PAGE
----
Responsible investment specialists should watch their language

When you put 100 portfolio managers in a room, very few want to be the odd one out saving the planet.

Responsible investment specialists must become better storytellers for mainstream investors and CFOs.

The use of words such as “externalities”, “extra-financial risks” and “socially responsible investments” often results in the perception that environmental, social and corporate governance (ESG) factors are extraneous to conventional investment decision-making, that they are extra work, and that they are only about ethics. This has turned the integration of ESG factors into a niche and has given mainstream investment managers an excuse not to be explicit about ESG factors in their investment processes.

The ESG community can borrow from general sustainability research. A recent report by advertising agency OgilvyEarth showed that the communication of sustainability in general should be rethought. “The great green middle, [79% of Americans], isn’t looking for things to set it apart from everyone else. It wants to fit in.”

Likewise, there is still a social stigma associated with ESG that links it with tree-huggers. When you put 100 portfolio managers in a room, very few want to be the odd one out saving the planet. The more we communicate ESG analysis as somehow different from regular investment analysis, the less it will be adopted.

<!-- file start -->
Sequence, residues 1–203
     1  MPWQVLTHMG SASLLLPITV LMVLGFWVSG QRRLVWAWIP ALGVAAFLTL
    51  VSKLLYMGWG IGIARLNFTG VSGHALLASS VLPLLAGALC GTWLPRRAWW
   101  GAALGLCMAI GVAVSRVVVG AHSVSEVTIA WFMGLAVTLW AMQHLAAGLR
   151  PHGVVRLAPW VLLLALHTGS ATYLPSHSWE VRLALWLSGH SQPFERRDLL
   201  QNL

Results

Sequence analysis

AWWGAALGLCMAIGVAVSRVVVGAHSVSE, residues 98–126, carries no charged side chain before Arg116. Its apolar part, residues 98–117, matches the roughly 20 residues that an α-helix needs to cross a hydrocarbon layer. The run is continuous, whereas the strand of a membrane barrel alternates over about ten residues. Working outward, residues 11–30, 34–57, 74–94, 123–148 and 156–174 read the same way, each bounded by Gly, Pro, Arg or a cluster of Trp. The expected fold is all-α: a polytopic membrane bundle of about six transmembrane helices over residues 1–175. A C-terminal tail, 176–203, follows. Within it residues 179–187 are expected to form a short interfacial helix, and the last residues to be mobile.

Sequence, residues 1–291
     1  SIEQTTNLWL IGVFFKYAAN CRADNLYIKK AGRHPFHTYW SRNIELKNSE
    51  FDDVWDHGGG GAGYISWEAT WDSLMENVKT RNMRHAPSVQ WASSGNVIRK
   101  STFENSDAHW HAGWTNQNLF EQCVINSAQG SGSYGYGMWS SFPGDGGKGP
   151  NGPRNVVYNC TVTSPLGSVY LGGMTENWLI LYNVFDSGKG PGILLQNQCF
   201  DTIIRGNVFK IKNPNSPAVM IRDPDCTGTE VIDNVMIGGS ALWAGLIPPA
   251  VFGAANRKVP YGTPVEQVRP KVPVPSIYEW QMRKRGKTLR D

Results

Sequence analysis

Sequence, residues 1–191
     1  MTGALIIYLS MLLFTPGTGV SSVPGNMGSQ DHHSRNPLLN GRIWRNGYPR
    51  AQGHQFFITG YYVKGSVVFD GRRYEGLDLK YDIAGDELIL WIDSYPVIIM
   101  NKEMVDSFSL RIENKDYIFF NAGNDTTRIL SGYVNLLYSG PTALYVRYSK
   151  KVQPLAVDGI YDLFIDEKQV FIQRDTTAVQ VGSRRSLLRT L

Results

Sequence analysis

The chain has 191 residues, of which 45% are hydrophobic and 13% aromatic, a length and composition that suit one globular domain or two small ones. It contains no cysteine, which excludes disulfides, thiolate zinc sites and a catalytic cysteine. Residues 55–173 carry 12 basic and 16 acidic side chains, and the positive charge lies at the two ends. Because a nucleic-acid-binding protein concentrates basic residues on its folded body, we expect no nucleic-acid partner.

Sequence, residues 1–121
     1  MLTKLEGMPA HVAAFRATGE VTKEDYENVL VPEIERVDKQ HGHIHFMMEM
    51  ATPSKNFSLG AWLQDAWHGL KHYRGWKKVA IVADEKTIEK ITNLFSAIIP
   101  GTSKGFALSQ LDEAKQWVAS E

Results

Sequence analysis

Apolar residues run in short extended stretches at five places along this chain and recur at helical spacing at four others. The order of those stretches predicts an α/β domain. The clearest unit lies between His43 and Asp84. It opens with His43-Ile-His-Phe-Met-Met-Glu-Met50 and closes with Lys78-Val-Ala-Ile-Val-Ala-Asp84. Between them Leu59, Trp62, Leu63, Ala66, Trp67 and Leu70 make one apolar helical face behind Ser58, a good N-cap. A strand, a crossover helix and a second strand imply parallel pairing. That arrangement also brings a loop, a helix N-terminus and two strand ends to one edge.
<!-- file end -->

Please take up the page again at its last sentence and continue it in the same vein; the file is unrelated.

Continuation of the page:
The ESG community is comprised of many green leaders, but to be successful we must realise that the majority of investors are not motivated by ideals to save the planet: they want to know what’s in it for their investment thesis. It is our task to insert ESG into that and in doing so help investors to better value “green companies” without resorting to suspect language as sustainable investing or SRI.

How can the ESG community fix its communication error?

Speak portfolio manager language: less Greenpeace, more Goldman Sachs. To be heard and influence someone, you need to speak the language of the other. For instance, do not speak about water usage or carbon reduction, but show a financial analyst the risk of water scarcity on a company’s future cost of capital and balance sheet. Saving the planet may not be a manager’s fiduciary duty, but analysing material information is.

Show the upside. A lot of what ESG advisers do can be summarised as change management. Changing people works best when you show them the upside. So to have investment managers include ESG information speak in terms of how ESG information adds value. Show how solving environmental and social trends results in new value creation opportunities, instead of scaring people about global warming. For instance, according to McKinsey, a transition to a circular economy is an economic opportunity of $630bn.

If the ESG community is serious about saving the planet, we should first make ourselves understood and stop communicating that ESG analysis is exceptional. Undoubtedly, communication alone will not solve all environmental and social problems, but some form over substance may help to bring about a sustainable financial system.

Originally published at on August 21, 2013.

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